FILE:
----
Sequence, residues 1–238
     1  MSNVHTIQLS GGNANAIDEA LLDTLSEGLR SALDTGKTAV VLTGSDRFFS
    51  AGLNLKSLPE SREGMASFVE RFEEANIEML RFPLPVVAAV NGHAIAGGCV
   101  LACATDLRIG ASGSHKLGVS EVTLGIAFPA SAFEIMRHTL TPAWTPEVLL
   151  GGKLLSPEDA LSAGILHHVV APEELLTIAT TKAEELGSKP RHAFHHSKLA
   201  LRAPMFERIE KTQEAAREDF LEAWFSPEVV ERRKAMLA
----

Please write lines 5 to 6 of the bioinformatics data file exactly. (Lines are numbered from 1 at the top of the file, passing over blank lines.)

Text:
   151  GGKLLSPEDA LSAGILHHVV APEELLTIAT TKAEELGSKP RHAFHHSKLA
   201  LRAPMFERIE KTQEAAREDF LEAWFSPEVV ERRKAMLA